We too come to the Messiah, the Word made flesh. We come and do so at His invitation. We come for various reasons because our needs are varied and numerous and only He can meet them all.

But when we come, let us first worship Him.

Worship:

An active response to the character, words and actions of God, initiated by His revelation and enabled by His redemption, whereby the mind is transformed (e.g. belief, repentance), the heart is renewed (e.g. love, trust), and actions are surrendered (e.g. obedience, service), all in accordance with His will and in order to declare His infinite worthiness.”1

 “… the submission of all our nature to God. It is the quickening of conscience by His holiness; the nourishment of mind with His truth; the purifying of imagination by His Beauty; the opening of the heart to His love; the surrender of will to His purpose – and all of this gathered up in adoration, the most selfless emotion of which our nature is capable and therefore the chief remedy for that self-centeredness which is our original sin and the source of all actual sin.2

Dr. Michael L. Williams, pastor, author, Christian Educator and Biblical counselor notes, “Every decision is an act of worship. Worship is based on our salvation and reflects the Spirit and truth of God and His Word. Worship reminds us of our position before God and His worthiness and position above us. Worship is for God’s glory, praise, and honor.3 

May we end this year in a place of worship and begin 2017 in a place of worship. And remain there all year long. For those who are wise worship Him.

****

In 2017, may you and those you love experience prosperity as God defines it.

Blessings,

Esther

Worship: More than what we do on Sunday Morning

On Monday, I shared Psalm 95:6-7 and a contemporary version of the classic hymn “O worship the King.” I am continuing my focus on worship in this new post, beginning with the J. B. Phillips translation of Romans 12:1-2:

“With eyes wide open to the mercies of God, I beg you, my brothers, as an act of intelligent worship, to give Him your bodies, as a living sacrifice, consecrated to Him and acceptable by Him. Don’t let the world around you squeeze you into its own mould, but let God re-mould your minds from within, so that you may prove in practice that the plan of God for you is good, meets all His demands and moves towards the goal of true maturity” (emphasis added).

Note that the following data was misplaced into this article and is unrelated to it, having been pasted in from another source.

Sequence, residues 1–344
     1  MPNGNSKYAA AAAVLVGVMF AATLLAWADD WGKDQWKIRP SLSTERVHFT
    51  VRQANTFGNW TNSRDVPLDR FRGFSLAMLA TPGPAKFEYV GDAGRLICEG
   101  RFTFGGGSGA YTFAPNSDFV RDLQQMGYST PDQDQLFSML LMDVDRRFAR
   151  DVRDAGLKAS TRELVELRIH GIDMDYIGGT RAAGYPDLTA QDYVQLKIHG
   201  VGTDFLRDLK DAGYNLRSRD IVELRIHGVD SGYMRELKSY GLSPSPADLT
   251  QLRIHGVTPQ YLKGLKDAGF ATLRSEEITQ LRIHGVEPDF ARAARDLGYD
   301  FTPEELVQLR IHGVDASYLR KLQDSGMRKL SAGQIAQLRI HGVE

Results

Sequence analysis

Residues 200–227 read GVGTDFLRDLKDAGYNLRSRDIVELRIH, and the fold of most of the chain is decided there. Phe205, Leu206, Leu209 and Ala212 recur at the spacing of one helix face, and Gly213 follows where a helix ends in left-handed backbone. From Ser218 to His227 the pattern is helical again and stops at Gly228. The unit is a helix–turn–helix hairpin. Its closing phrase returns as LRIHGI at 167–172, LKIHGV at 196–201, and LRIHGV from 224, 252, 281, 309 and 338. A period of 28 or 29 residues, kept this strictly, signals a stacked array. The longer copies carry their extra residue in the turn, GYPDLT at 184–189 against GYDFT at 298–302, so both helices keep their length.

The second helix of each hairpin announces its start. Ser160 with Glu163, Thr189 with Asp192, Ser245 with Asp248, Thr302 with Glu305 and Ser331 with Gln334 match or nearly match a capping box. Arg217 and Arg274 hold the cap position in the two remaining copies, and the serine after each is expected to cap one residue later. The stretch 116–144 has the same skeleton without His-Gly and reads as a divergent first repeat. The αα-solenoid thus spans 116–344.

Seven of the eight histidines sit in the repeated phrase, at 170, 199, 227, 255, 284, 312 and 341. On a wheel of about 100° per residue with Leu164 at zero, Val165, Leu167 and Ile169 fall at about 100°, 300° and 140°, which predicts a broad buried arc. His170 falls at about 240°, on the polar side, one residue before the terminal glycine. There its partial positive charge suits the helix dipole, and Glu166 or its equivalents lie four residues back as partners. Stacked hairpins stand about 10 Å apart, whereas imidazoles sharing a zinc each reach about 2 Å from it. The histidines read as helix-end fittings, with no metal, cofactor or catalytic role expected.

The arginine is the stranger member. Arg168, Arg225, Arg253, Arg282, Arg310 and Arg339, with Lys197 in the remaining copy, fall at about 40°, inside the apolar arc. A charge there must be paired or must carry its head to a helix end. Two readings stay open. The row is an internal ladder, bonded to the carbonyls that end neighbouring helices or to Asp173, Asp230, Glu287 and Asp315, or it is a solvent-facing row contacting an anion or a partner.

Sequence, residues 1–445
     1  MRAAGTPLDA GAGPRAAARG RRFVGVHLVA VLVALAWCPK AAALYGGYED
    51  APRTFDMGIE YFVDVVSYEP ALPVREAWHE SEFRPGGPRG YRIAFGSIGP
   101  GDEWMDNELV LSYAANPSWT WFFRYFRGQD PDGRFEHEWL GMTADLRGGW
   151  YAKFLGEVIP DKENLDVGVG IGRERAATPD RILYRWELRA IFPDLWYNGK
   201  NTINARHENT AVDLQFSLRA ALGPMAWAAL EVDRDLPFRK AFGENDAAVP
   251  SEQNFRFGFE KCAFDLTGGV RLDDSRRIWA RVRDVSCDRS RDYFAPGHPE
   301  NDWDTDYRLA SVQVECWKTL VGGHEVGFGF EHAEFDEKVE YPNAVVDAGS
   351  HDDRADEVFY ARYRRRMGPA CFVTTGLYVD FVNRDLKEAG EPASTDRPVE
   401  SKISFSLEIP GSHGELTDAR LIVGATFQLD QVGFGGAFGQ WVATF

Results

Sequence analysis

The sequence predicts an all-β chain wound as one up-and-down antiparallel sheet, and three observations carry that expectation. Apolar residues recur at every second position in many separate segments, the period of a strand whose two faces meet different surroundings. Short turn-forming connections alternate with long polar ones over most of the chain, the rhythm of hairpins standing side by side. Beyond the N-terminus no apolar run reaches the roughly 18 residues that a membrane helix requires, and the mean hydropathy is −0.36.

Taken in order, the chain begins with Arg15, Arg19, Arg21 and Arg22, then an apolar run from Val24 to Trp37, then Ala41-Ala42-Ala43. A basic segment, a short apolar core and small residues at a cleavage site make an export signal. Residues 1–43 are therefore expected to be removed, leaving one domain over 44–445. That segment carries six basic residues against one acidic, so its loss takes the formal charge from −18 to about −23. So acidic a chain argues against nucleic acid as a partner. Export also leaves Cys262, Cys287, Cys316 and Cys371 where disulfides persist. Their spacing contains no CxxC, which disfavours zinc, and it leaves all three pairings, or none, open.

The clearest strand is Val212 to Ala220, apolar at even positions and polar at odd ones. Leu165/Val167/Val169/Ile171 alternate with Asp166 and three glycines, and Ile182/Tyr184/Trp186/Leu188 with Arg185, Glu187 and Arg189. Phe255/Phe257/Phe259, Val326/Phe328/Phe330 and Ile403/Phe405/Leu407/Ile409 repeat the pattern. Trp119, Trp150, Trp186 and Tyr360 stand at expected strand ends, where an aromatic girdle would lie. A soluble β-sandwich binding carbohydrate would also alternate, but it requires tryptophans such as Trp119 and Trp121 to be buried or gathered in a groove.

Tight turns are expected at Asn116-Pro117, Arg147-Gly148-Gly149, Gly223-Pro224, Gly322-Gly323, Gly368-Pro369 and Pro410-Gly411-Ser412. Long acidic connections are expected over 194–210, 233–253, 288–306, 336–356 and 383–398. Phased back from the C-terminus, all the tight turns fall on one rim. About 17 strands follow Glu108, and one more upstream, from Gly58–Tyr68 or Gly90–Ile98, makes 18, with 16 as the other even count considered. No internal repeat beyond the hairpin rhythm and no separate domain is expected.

It is not unusual for worship to be associated with that time during a Christian gathering, such as a Sunday morning service, or during private moments with God, when songs are sung and words of praise and exaltation are offered, with varied levels of expressiveness, e.g., hands lifted. Romans 12:1, however, informs us that worship is more than what we do during an appointed time. It is what we do with our lives. It begins with us offering ourselves to Him without reservation, and then living, what The Message translation refers to as our “everyday, ordinary life” our “sleeping, eating, going-to-work, and walking-around life,” for Him alone.

For us, His children, there is no true division of the secular and the sacred. It is all sacred. All for Him. An example of this “life-as-worship” is seen in the story of the prophet Samuel. In a nutshell, Hannah, his mother, was the favorite of his father’s wives, but she had no children. In answer to her fervent, anguished prayer, God blessed her with a child, Samuel, whom, after he was weaned, she kept her promise to give him to God, literally. This is such a rich story, I encourage you to read it in its entirety again or for the first time.

Hear Hannah’s words to Eli, the priest, recorded in the last two verses of 1 Samuel 1, followed by a pointed notation: “’I prayed for this child, and the LORD has granted me what I asked of Him. So now I give him to the LORD. For his whole life he will be given over to the LORD.’ And he worshiped the LORD there”* (emphasis added). “There” for Samuel was the temple where he lived.  May each of us give our whole life to the LORD and worship Him with our lives, day by day, wherever our “there” maybe. This is worship in its truest, most complete rendering.

* New International Version

Post edited on 9/9/2015

Monday Vitamins: Worship

psalm 95 v6-7 AMP

At the start of this new week, let us begin from the position of worship. Worship focuses our attention on who He is and we need to know that God is greater than whatever we may face. We. Need. To. See. Him. As. He. is. Then and only then, will we see everything and everyone, including ourselves, clearly.

Monday Vitamins: An invitation and a reminder

“Oh come, let us worship and bow down;
Let us kneel before the Lord our Maker.
For He is our God,
And we are the people of His pasture,
And the sheep of His hand.” (Psalm 95:6-7, NKJV)

sheep in pasturePhoto Credit